Many of the kids walking on the 405 Freeway, and the streets of San Pedro, Van Nuys, and at my daughter?s middle school, were there, and continue to be, to enjoy defying authority with no consequences. Most of those walking out of class this week do not have even the most basic information about HR 4437;
By a 239-182 vote the House of Representatives approved the Border Protection, Antiterrorism and Illegal Immigration Control Act, H.R. 4437, on December 16, 2005. The legislation, authored by Judiciary Committee Chairman James Sensenbrenner (R-Wis.), would make improvements in this nation?s ability to control rampant illegal immigration.
H.R. 4437 calls for a variety of steps to rein-in mass illegal immigration. At the southern border, the legislation authorizes construction of an additional 700 miles of security fencing, similar to the highly effective barrier already in place in the San Diego area. The bill would also require implementation of an electronic verification system to be used by all employers to ensure that the workers they hire are legal residents. Failure to comply with the verification procedure could result in fines of up to $7,000 per violation for a first offense and as high as $40,000 the third time an employer gets caught hiring illegal aliens.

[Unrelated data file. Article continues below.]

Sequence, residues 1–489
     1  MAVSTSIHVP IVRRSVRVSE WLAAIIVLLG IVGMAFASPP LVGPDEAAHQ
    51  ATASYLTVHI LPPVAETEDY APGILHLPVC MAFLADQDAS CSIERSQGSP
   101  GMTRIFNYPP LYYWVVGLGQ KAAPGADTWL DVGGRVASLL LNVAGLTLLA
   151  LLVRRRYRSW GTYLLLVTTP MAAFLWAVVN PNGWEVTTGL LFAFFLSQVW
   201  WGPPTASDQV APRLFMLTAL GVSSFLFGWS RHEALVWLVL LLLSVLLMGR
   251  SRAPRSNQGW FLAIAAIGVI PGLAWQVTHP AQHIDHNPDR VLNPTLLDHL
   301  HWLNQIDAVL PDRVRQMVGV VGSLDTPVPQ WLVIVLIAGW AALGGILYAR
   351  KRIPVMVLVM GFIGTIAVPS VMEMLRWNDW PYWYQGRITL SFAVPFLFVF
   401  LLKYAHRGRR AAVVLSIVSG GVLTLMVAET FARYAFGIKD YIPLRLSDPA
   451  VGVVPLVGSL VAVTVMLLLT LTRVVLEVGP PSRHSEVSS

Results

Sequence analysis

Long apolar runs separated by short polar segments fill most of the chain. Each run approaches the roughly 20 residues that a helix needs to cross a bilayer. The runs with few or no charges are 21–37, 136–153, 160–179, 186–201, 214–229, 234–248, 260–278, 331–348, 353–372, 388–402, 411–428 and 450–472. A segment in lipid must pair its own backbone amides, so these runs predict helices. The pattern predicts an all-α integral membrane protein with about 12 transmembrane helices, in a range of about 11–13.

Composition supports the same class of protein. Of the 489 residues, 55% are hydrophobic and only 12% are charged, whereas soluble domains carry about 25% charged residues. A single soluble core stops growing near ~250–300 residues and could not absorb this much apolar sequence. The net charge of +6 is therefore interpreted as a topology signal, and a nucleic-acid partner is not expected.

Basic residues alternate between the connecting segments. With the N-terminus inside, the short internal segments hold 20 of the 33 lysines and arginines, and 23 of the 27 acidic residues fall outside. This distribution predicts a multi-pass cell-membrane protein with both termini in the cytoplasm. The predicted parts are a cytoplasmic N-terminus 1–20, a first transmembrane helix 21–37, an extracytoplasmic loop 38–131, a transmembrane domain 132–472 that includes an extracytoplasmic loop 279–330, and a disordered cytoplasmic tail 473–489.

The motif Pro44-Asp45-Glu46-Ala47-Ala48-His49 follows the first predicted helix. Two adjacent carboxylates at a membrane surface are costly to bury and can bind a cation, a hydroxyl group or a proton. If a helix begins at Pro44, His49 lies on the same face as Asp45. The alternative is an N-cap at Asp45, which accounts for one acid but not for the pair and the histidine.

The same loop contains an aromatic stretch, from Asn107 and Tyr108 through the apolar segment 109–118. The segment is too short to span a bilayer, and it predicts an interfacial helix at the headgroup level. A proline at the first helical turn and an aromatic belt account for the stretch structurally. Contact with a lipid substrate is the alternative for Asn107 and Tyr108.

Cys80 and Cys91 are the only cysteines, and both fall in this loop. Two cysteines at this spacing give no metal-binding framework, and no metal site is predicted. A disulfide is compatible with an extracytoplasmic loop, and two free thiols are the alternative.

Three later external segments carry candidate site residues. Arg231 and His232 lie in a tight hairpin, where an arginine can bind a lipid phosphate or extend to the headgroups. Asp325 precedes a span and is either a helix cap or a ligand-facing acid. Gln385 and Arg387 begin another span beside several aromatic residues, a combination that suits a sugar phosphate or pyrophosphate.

Illegal aliens themselves would also face stiffer penalties for violating U.S. immigration laws under H.R. 4437. Illegal entry, now considered a misdemeanor offense, would become a felony and illegal aliens could receive jail time for immigration violations.
My daughter came home from school Tuesday with tales of students climbing over fences and running out of the school to ?protest immigration.? I asked her if she knew what that meant, and she said no, and neither did her friends. She said most just wanted to get out of going to class. Of course, most of those who cut-class were Hispanic.
After she and I talked that evening, I had to smile to myself, as I recalled the words of my mother when I told her everybody was going to walkout of Lincoln High the next day at school. She said, ?I don?t care if you?re the last goddamn student at that school, you?d better not walkout.? And, I didn?t. My parents knew there were things I didn?t know and didn?t understand because of my age, level of sophistication, and the fact that I was only a 7th grader.
Since no Latino ?leader? will come out and denounce the silliness of Hispanic kids with the worst drop-out rates in the state, and one of the highest teen pregnancy rates in the country, I am hoping that parents somewhere will take charge of their kids. As adults, we?re supposed to know better, teach, guide, and encourage. However, encourage not to break the law. You don?t protest the profiling of non-criminals as criminals, by becoming one. It pains me to see young Latinos running in the streets clashing with cops, stopping traffic, and making silly comments to journalists, when they should be in the classroom learning.
Can I get a Si Se Puede for that?
Gil Contreras is an award winning journalist, former police officer, and writer living in Los Angeles. Email:email@example.com